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from the example of Aristotle, that authority and convenience, education, prejudice, and general practice || have no small share in the making of them; and that the laws of custom are very apt to be mistaken for the / order of nature. For which reason, I suspect, that a system or morality, built upon instincts, will only find out reasons and excuses for opinions and practices already established,—will seldom correct or reform either. But further, suppose we admit the existence of these instincts; what, it may be asked, is their authority? No man, you say, can act in deliberate opposition to them, without a secret remorse of conscience. But this remorse may be borne with: and if the sinner choose to bear with it, for the sake of the pleasure or the profit which he expects from his wickedness; or finds the pleasure of the sin to exceed the remorse of conscience, of which he alone is the judge, and concerning which, when he feels them both together, he can hardly be mistaken, the moral instinct man, so far as I can understand, has nothing more to offer. For if he allege that these instincts are so many indications of the will of God, and consequently presages of what we are to look for hereafter; this, I answer, is to resort to a rule and a motive ulterior to the instincts themselves, and at which rule and motive we shall by and by arrive by a surer road:—I say surer, so long as there remains a controversy whether there be any instinctive maxims at all; or any difficulty in ascertaining what maxims are instinctive. This celebrated question therefore becomes in our system a question of pure curiosity; and as such, we dismiss it to the determination of those who are more inquisitive, than we are concerned to be, about the natural history and constitution of the human species.
THE word happy is a relative term: that is, when we call a man happy, we mean that he is happier than some others, with whom we compare him; than the generality of others; or than he himself was in some other situation:—thus, speaking of one who has just compassed the object of a long pursuit, “Now,” we say, “he is happy;” and in a like comparative sense, compared, that is, with the general lot of mankind, we call a man happy who possesses health and competency.
In strictness, any condition may be denominated happy, in which the amount or aggregate of pleasure exceeds that of pain; and the degree of happiness depends upon the quantity of this excess.
And the greatest quantity of it ordinarily attainable in human life is what we mean by happiness, when we inquire or pronounce what human happiness consists in *. -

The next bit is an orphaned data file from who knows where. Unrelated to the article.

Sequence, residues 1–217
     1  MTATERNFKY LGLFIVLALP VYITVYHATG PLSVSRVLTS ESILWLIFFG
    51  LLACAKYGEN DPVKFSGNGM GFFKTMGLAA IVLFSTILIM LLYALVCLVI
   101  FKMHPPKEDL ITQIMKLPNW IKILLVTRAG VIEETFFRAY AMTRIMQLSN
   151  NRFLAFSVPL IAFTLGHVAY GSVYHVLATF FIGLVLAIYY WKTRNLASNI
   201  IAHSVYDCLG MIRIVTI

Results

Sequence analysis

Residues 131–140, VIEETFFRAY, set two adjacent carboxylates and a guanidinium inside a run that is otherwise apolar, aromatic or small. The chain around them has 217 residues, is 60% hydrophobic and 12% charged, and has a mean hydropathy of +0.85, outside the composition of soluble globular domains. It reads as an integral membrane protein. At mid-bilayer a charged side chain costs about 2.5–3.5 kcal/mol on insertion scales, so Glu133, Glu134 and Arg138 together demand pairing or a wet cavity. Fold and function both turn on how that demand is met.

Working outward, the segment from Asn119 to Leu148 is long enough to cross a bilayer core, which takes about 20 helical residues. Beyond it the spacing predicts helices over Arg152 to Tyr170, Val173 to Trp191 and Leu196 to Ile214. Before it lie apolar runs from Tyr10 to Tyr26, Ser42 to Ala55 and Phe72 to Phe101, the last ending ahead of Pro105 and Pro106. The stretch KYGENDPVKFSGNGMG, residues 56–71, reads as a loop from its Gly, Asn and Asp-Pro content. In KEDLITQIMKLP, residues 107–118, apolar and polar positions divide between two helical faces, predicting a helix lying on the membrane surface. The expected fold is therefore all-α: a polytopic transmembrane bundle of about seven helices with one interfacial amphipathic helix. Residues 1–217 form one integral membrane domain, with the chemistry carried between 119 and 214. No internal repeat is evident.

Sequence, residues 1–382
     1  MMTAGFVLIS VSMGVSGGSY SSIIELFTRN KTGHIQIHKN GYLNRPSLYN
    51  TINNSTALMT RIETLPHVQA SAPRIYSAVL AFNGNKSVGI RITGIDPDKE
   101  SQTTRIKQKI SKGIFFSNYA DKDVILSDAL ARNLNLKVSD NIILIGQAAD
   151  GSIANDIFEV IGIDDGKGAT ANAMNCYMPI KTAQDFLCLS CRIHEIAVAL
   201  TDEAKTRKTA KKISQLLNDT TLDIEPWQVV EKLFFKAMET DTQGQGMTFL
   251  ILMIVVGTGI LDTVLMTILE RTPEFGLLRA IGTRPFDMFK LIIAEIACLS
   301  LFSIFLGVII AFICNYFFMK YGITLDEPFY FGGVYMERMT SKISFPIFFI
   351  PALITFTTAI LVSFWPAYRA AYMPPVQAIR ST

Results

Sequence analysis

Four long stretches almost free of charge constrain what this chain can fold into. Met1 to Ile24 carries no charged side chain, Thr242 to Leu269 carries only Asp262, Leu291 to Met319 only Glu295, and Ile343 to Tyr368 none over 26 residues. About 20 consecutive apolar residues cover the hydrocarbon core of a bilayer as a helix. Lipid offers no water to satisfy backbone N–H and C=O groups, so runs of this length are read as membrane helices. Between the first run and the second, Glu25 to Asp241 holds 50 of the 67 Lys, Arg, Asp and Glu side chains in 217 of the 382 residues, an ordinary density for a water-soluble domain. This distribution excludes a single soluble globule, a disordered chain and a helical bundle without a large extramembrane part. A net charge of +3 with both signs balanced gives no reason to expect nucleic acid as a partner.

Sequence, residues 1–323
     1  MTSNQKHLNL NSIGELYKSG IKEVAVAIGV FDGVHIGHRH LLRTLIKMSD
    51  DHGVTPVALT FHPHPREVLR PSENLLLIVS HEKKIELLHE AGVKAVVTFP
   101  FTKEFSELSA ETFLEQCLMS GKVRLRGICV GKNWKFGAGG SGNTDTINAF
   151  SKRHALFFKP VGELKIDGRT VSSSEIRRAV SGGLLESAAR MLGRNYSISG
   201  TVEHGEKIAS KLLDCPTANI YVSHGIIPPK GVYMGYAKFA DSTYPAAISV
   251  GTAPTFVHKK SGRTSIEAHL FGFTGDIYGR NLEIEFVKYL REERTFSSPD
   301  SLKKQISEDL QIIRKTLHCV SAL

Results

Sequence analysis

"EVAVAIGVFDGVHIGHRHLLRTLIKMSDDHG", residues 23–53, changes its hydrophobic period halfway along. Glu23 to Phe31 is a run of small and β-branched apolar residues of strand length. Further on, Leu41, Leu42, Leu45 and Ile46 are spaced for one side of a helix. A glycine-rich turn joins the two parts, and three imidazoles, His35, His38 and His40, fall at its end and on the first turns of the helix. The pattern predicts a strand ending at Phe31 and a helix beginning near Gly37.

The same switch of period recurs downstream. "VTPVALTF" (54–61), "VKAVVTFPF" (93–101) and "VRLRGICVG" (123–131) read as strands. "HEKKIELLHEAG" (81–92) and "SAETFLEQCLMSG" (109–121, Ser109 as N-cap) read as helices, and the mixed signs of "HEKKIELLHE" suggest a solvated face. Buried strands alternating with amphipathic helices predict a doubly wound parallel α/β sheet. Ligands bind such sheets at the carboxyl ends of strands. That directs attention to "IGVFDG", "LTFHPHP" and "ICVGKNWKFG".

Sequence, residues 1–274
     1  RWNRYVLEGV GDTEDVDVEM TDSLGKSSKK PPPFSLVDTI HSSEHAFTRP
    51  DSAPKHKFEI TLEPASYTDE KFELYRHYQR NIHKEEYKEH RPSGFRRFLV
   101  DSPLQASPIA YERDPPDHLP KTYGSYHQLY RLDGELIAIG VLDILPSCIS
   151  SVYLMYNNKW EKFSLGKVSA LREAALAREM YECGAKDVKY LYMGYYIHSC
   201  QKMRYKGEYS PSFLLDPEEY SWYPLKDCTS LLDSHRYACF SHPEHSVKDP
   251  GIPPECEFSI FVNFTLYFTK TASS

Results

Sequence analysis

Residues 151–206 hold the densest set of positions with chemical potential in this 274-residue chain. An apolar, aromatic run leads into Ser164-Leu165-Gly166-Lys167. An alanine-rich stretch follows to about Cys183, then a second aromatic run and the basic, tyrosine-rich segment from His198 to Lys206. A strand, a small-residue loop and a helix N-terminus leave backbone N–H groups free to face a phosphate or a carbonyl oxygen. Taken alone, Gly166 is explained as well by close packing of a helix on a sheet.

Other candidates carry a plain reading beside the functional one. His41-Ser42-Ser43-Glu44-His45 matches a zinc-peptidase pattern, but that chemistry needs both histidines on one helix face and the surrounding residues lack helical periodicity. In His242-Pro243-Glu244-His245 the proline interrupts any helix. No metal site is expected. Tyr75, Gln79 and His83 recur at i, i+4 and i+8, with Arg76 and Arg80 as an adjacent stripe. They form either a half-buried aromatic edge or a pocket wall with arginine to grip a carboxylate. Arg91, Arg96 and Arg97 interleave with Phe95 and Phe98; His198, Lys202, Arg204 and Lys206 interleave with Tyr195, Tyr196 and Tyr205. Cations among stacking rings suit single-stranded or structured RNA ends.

* If any positive signification, distinct from what we mean by pleasure, can be affixed to the term “happiness,” I should take it to denote a certain state of the nervous system in that part of the human frame in which we feel joy and grief, passions and affections. Whether this part be the heart, which the turn of most languages would lead us to believe, or the diaphragm, as Buffon, or the upper orifice of the stomach, as Van Helmont thought; or rather be a kind of fine net—work, lining the whole region of the praecordia, as others have imagined; it is possible, not only that each painful sensation may violently shake and disturb the fibres at the time, but that a series of such may at length so derange the very texture of the system as to produce a perpetual irritation, which will show itself by fretfulness, impatience, and restlessness. It is possible also, on the other hand, that a succession of pleasurable sensations may have such an effect upon this subtile organization as to cause the fibres to relax, and return into their place and order, and thereby to recover, or, if not lost, to preserve that harmonious conformation which gives to the mind its sense of complacency and satisfaction. This state may be denominated happiness, and is so far distinguishable from pleasure, that it does not refer to any particular object of enjoyment, or consist, like pleasure, in the gratification of one or more of the senses, but is rather the secondary effect which such objects and gratifications produce upon the nervous system, or the state in which they leave it. These conjectures belong not, however, to our province. The comparative sense, in which we have explained the term Happiness, is more popular, and is sufficient for the purpose of the present chapter. .